“Income” from capital must be, not capital, but the proceeds of capital. A gift or bequest of capital assets even if payable in installments is not "income.” Here not a portion of the capital assets forming the corpus, but certain of the earnings thereof, passed to the cestui que trust. The cestui que trust has an interest in the corpus, because he is legally entitled to receive whatever income is given him and must have the right to enforce payment if it is wrongfully withheld. The act of 1913 specifically taxes income “growing out of the ownership or use


Argument for Respondent.

of or interest in real or personal property.” Therefore, it must inevitably follow that, as Gavit had an “ interest in " the corpus, the proceeds thereof coming into his hands were taxable income. In denying that the cestui que trust had any interest in the principal the lower courts ignored the law of the State of New York as to trust estates. Metcalfe v. Union Trust Company, 181 N. Y. 39.

The most important aspect of the decision below is not the obvious error in this particular case, but the serious and far-reaching effect upon the whole income-tax system of the Government.

A Constitutional question is involved. The suggestion of the opinion below is that a bequest of income can not be “income " under the Sixteenth Amendment, where the beneficiary owns no part of the corpus, and is not made income by Congress calling it such. Under this theory Congress has no power to tax the income from property acquired by gift or legacy where income is bequeathed apart from the corpus; but under such circumstances both the value of the property itself and the income therefrom are necessarily exempt. The income from a legacy is taxable as income whether the legatee owns any part of the corpus or not. Baltzell v. Casey, 1 Fed (2) 29; aff'd. by C. C. A., Jan. 14, 1925. Stratton's Independence v. Howbert, 231 U. S. 399; Merchants' Loan & Trust Co. v. Smietanka, supra. There is, and always has been, ample power in Congress to tax income from whatever source derived. Congress used the word “income” in its popular and broadest sense. Eisner v. Macomber, 252 U. S. 189; Lynch v. Hornby, 247 U. S. 339.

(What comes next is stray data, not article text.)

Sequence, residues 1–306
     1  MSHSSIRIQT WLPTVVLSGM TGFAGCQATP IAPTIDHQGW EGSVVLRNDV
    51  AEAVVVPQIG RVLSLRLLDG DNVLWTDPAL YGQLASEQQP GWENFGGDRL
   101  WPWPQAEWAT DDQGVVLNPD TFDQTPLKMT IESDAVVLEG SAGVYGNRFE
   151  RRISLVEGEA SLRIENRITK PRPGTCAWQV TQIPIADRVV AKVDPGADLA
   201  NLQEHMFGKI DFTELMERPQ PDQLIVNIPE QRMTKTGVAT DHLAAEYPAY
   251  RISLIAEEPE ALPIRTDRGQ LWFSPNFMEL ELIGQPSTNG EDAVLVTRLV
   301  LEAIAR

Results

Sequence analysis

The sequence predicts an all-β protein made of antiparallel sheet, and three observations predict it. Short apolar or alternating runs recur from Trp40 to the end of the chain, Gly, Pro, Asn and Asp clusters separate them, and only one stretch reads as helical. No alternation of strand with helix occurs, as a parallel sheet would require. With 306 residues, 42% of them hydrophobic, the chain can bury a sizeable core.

Mr. Neile F. Towner, for respondent.

The respondent was bequeathed a certain portion of the increase of the estate of the testator for a definite period; that is, until the granddaughter of the testator, who is the daughter of the respondent, attained the age of Argument for Respondent.

268 U.S.